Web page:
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the whole, however, these passages tend to confirm the general idea entertained of Mr. Grattan's eloquence, as distinguished by fire, sublimity, and an immense reach of thought. A following chapter is chiefly composed of similar extracts from Mr. Curran's speeches ; in most of which the conceptions are expressed with more lucidness and precision than in the passages from Grattan. These specimens did not surprize; though they delighted us. We have long considered this distinguished counsellor as possessed of a higher genius than any one in his profession within the British empire. --The most obvious difference between these two great orators is, that Curran is more versatile, rising often to sublimity, and often descending to pleasantry, and even drollery ; whereas Grattan is always grave and austere. They both possess that order of intellectual powers, of which the limits cannot be assigned. No conception could be so brilliant or original, that we should confidently pronounce that neither of these men could have uttered it. We regret to imagine how many admirable thoughts, which such men must have expressed in the lapse of many years, have been unrecorded, and are lost for ever.
We think of these with the same fcelings, with which we have often read of the beautiful or sublime occasional phænomena of nature, in past times, or remote regions, which amazed and delighted the beholders, but which we were destined never to see.
After various statements respecting Dublin, the customs, the courts of law, and other matters, which we need not enumerate or analyse, our traveller takes leave of the country, highly gratified, except in never having heard a bull, a whole herd of which he expected to have met in every town and village, and expressing the most friendly wishes for Ireland, in which we cordially join him.
Mr. Carr has admitted several errors into this book, which we could not have expected ; such as colla, for colles, in a distich from Prudentius ; and ascribing to Pope a line which almost every one knows where to find in Johnson, “ And Swift expires” &c. The error of calling that poetry good, which is only indifferent, we were more prepared to expect, and indeed to excuse.
The book is decorated, rather than illustrated, with almost twenty plates, from Mr. Carr's drawings; these are chiefly landscapes, interesting in point of scenery, and elegantly engraved in aqua tinta, by Medland. We willingly acknowledge that we have received very much entertainment, and not a Tittle information, from this volume ; and if the traveller will but adopt a little more dignity of deportment, and require a
less exorbirant premium for the privilege of hearing his ad. venues, we shall be glad to meet him again, at his retura from any other country, to which his genius may lead him to wander.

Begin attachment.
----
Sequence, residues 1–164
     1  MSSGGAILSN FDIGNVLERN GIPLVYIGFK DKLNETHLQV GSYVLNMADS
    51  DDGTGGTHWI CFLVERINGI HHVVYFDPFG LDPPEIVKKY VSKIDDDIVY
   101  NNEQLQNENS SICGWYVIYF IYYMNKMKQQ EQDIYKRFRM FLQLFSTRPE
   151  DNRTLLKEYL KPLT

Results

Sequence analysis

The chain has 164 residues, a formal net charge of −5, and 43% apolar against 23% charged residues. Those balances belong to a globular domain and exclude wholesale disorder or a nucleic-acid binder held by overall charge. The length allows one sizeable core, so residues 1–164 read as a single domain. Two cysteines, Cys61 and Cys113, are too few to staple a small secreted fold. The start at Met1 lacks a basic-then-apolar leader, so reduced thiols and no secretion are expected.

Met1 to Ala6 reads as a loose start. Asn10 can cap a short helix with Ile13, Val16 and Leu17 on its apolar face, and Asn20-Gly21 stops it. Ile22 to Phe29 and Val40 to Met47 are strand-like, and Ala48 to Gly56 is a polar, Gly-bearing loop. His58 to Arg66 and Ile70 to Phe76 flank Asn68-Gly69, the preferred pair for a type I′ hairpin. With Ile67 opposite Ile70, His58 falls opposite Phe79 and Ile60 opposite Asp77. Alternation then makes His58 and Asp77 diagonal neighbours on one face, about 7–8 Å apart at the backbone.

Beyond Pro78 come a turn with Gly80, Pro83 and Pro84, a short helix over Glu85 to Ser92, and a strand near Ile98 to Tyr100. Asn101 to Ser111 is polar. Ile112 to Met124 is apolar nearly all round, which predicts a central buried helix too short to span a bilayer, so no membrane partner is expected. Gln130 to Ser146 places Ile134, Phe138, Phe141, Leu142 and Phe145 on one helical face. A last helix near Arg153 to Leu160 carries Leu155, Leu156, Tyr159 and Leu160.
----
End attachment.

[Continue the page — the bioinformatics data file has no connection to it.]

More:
Art. IV. Meusers of Dr. Joseph Priestley, to the Tear (795; written by
Himself; with a Coptimization, to the Time of his Decease, by his Son, Joseph Priestley; and Observations on his Writings, by Thomas Cooper, President Jadge of the fourth District of Peansylvania; and the Rev. Willian Christie. Sva pp. 475. Price 10s. 6d. Johnson. 1806. MANY years ago, Dr. Priestley determined to write some
account of his friends and benefactors, which might be a posthumous memorial of his esteem and gratitude. All who can reckon themselves of that number, have ample reason to be satisfied with the manner in which he fous discharged this voluutary obligation. In connecting these notices of the characters and conduct of others, with a simple narrative of his own life, he has produced a work in a high degree pleasing, instructive, and adınonitory. The events of his early life exhibit a striking instance of the gradual and unsought progress of a modest and unambitious man, from a los beginuing, and through many discouraging circumstances, tu eminent consideration and comfort, His career, as a philosopher and a general scholar, affords an exemplary instance of invincible perseverance and vigorous exertion, of the wise economy of time and resources, and the happy direction of talents and genius. The iutercourse which, through a large part of his life, he maintained with many distinguished characters, literary, scientific, and political, and the relation which he personally bore to the state and adrancement of science during the last thirty years, confer a peculiar interest on any meinoirs from his own pen, however brief and even scanty they may be. To the man who studies the philosophy of human nature with the eye and the heart of a scriptural Christian, these pages will appear with an importance far exceeding the mere gratification of liberal curiosity. We are much mistaken if the germ of Dr. P.'s gradual alienation from the faith once delivered to the saints," be not here unfolded by himself, in the manifest want of a broken and contrite heart, and in the uncontrouled dominion of a self-dependent spirit. It is a solemn and affecting warning, which arises from beholding a man of the first intellectual order, of natural dispositions truly amiable, of high acquirements in human knowjedge, and possessing a " zeal for God;" yet “ stumbling at that stumbling stone,” and “ going about to establish his own rigblepusness, tot submitting to the righteousness of God."
From this voinme such a lesson is to be deduced.May its exhibition to the world, under the conduct of almighty grace, answer a purpose infinitely greater than any that its author ever cortemplated !
Dr. Joseph Priestley was born at Fieldlead near Leeds, March 13, 1733, 0. s. His early education was conducted by a neighbouring clergyman of the establishment, and by several dissenting inimsters; but lris greatest proficiency, at that period, seems to have been the effect of his own ardoor and diligence. Being intemleri for the profession of a dissent. ing minister, he was placed in the academy at Daventry, under the gorerninent of Dr. Caleb Ashworth, the snccessor of Dr. Dodelridge. In this seminary, young Priestley consolidated and greatly enlarged bis elementary stores; but his religious principles received a fatal shock. Those principles had been what is called orthodox, rather from the intuence of his education and connections, than from any just acquaintance with their trne nature and evideners. This also appears to bave been deplorably the case with those among his first religious connections who, in the old phrase, dealt with him on the state of his soul. The injudicious and 113scriptural question, which was proposed by some who examined him with a view to his admission to the Lord's supper, could not but produce a most pernicious effect on a mind, not established in the truth of God, anıl, (as Dr. P. informs us bis mental constitution was), “ wanting a sufhcient coherence in the association of ideas formerly impressed, and more favourable to new associations.” p. 105. The highly reprehensible procedure of those persons, reminds us of a story that was current, many years ago, in the academical institution before mentioned. A young man, proposing to his father a query relative to some história cal difficulty in the Old Testament, received the compendious reply of being instantly knocked down. The consequence was, what might have been without much hazard predicted; the youth became an avowed infidel, and a profligate blas.. phemer.